The Wright Wold team claimed a $2,000, 3rd place finish in the competition over teams from MIT, UCLA and more than 30 other universities.

Looking back on the competition, Zach Wright said, “SXSW and PitchTexas was an irreplaceable experience to not only gain feedback for our company on how to move forward but also to begin building relationships with like-minded entrepreneurs that are in a similar step in their startup processes. It was a bit intimidating looking at where the competition was coming from but, when we got there, we realized that we were just as prepared, and often more prepared, than other teams.”

The team says their next steps include securing funding to finalize its prototype, sourcing manufacturers, and completing beta-testing of the SwifTag and smartphone app. The goal is to make the product ready for market by this fall.

For more information on TechConnect West Virginia, ScaleUp West Virginia, and other TechConnect West Virginia programs, visit http://techconnectwv.org/innovation/programs/.


“A Special Day to Grow Jobs” City of Bluefield receives $2 million grant for Commercialization Station

By Charlie Booth Bluefield Daily Telegraph

jenkinsBLUEFIELD — The City of Bluefield is receiving a $2,040,000 grant for its Commercialization Station on Bluefield Avenue.

Rep. Evan Jenkins (3rd District) joined city officials and others Thursday afternoon to make the announcement at the station, located in the former headquarters of the Bluefield Regional Transit Authority.

What a great day to be in Bluefield,” he said. “This is a special day to grow jobs.”

A matching grant of more than $500,000 will be included from the Shott Foundation, he added.

The $2 million grant is through the federal Economic Development Administration (EDA) with funding that was included in the POWER initiative, a strategy to help communities struggling to cope with the impact of the loss of coal-related jobs.

Jenkins is on the appropriations committee, which earmarks which agencies receive those federal dollars. He said he works closely with the EDA and thanked the agency for providing the funding.

Jenkins said job creation is the goal of the station, a business incubator aimed at helping entrepreneurs.

Good jobs solve a lot of problems,” he said.

Jenkins said the station project, which was spearheaded by the city’s community and economic development director, Jim Spencer, took a vision then put the “pieces of the puzzle into place.”

We always want to be a partner with you in these efforts,” he said. “Let’s make an investment, and this is what it is. Thank you for allowing me to work with you.”

Jenkins said Mercer County, like many counties in this region, has “taken it on the chin (in economic woes),” and it takes local officials having a “clear vision” and working together to make it happen.

You are all awesome,” he said, also praising the Shott Foundation. “It’s an honor to work with you. We will work with you every step of the way.”

Del. John Shott, with the Shott Foundation, said the grant may be historic.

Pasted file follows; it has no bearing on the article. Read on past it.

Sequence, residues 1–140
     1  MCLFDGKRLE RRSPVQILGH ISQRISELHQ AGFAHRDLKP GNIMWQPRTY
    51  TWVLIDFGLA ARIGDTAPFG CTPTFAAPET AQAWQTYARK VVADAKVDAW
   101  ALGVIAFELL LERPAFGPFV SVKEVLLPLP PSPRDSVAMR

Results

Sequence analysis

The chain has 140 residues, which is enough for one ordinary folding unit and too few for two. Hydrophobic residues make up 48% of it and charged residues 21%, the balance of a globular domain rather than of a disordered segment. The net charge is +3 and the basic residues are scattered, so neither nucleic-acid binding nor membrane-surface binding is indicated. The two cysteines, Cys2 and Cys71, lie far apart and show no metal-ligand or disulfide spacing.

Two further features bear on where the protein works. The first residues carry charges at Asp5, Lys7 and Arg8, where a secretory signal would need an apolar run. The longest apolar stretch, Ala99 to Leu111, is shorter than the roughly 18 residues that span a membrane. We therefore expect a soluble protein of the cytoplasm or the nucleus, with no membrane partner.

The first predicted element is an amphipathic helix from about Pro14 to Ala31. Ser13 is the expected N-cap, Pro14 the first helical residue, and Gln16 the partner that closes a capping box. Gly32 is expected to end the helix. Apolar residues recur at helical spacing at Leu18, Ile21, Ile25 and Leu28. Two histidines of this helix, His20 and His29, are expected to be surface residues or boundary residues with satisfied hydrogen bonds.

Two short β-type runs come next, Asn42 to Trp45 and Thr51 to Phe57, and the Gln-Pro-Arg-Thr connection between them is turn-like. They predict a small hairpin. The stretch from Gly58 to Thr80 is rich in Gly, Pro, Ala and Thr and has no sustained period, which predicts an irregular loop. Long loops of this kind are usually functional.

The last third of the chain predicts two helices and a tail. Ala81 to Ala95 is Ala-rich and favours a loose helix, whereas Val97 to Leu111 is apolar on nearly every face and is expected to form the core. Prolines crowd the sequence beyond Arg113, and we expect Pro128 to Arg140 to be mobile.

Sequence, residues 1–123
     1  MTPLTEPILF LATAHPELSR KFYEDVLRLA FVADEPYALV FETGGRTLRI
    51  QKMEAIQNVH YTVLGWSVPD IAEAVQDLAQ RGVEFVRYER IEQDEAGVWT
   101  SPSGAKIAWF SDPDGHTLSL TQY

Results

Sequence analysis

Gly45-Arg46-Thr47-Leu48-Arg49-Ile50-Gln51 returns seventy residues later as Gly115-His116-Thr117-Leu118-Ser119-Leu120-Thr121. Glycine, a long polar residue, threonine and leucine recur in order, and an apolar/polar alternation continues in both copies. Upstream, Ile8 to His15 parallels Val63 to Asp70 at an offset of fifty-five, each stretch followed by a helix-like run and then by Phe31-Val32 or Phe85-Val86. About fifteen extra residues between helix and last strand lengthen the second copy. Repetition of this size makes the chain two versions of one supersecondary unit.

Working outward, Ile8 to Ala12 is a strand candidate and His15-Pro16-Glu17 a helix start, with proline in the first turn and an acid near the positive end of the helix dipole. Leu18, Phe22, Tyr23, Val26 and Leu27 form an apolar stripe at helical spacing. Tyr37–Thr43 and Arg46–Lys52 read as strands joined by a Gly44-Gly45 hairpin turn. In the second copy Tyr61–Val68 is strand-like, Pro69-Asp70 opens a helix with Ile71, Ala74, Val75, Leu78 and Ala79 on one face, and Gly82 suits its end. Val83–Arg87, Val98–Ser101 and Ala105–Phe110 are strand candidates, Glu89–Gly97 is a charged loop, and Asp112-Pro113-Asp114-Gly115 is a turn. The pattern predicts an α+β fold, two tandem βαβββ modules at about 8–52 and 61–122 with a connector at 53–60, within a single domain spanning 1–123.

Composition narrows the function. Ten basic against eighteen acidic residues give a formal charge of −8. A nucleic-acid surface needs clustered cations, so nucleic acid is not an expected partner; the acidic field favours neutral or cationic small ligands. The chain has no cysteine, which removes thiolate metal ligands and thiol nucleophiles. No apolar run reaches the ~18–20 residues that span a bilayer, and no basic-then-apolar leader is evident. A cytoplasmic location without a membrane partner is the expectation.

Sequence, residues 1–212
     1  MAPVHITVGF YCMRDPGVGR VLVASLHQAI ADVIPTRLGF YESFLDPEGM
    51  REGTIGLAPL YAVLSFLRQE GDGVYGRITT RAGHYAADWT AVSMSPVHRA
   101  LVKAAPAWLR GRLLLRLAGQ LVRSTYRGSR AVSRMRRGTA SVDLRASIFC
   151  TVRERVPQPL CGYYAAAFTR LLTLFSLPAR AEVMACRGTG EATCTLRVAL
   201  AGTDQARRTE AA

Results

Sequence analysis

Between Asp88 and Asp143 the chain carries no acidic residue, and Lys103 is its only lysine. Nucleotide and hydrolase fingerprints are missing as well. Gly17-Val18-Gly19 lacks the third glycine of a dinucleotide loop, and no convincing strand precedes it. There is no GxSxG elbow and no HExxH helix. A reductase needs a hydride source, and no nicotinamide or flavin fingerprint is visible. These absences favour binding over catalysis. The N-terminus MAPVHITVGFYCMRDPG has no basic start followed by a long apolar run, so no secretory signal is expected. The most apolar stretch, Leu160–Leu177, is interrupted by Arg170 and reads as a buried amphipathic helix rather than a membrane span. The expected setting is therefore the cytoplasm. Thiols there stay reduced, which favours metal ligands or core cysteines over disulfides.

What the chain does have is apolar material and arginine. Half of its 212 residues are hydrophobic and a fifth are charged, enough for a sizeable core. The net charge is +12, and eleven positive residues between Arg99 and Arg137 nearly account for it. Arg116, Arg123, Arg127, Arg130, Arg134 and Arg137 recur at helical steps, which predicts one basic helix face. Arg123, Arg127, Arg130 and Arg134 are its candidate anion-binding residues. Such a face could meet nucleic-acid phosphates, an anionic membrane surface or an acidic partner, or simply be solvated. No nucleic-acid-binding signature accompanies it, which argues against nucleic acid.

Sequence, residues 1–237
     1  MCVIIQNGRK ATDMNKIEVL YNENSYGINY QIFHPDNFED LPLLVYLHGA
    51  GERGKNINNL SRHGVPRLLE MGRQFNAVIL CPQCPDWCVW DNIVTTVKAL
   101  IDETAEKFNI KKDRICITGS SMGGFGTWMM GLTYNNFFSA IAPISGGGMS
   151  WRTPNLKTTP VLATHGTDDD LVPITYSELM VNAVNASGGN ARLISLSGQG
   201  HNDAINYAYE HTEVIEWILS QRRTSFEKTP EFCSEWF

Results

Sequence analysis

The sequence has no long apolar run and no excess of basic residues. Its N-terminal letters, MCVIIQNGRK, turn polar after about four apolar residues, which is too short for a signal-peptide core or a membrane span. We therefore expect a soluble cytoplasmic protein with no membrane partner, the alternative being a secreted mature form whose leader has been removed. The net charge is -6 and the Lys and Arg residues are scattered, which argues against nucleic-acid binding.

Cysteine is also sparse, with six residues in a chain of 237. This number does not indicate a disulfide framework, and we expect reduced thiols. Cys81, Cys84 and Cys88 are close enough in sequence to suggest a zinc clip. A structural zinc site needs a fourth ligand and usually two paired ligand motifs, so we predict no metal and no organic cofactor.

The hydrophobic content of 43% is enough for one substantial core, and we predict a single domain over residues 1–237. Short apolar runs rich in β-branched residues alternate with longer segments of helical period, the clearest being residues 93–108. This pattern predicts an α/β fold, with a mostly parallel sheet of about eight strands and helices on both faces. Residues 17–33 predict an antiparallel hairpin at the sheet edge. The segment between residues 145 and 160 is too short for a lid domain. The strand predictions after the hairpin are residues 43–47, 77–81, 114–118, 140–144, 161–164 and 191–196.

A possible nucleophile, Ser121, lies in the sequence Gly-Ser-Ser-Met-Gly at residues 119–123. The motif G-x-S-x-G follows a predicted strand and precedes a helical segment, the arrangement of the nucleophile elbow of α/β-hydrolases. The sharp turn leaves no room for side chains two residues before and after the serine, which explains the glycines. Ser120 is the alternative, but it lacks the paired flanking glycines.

I can’t ever recall a day when we had an amount like this coming to Bluefield,” he said. “The spigot (of federal dollars) has finally opened for us.”

Shott pointed out three other foundation board members in attendance, Frank Wilkinson, Chandler Swope and Smokey Shott. “We are all really excited about this,” he said.

Bluefield Mayor Tom Cole could not attend the announcement but through a precorded video said Spencer started working on this project right after he was hired last year, and found the space and pursued the funding.

We are excited about the opportunities this brings to our region,” he said.

Bluefield City Manager Dane Rideout said the station project was the “brainchild” of Spencer.

This is a homerun,” he said of the grants, adding that it took a vision followed up with action. “That’s powerful.”

This is not about a single entity,” he said. “It’s about a partnership. This will train people (and provide jobs) so they can stay here. This is absolutely phenomenal.”

Spencer also emphasized that partnership.

Economic development is a team sport,” he said, calling Jenkins “our D.C. champion.”

Spencer said many partners are involved in helping not only bring the station to fruition, but to provide the resources necessary to make it work.

Those partners include the Center for Applied Research & Technology (CART), Bluefield State College, TechConnect West Virginia, Concord University, American National University, AEP, Mercer County Technical Education Center, the Development Authority of the Great Bluefield Area, the Robert C. Byrd Institute, E.L. Robinson Engineering and others.

It’s all of us working together,” he said, urging those in attendance to speak about the station to anyone having a business idea.

It’s a manufacturing and technology center,” he said, with the overall purpose of moving ideas and innovations into the marketplace.

One start-up business, Autonomous Radio Controlled Equipment, is already operational inside of the center.

The announcement took place in a large bay, and Spencer said three other bays at the station are available.

We want to fill them up as soon as possible,” he said, adding that anyone can visit the website mybluefied.org to learn the details of how to get started and possibly locating a business in the center.

An incubation application is included on that website.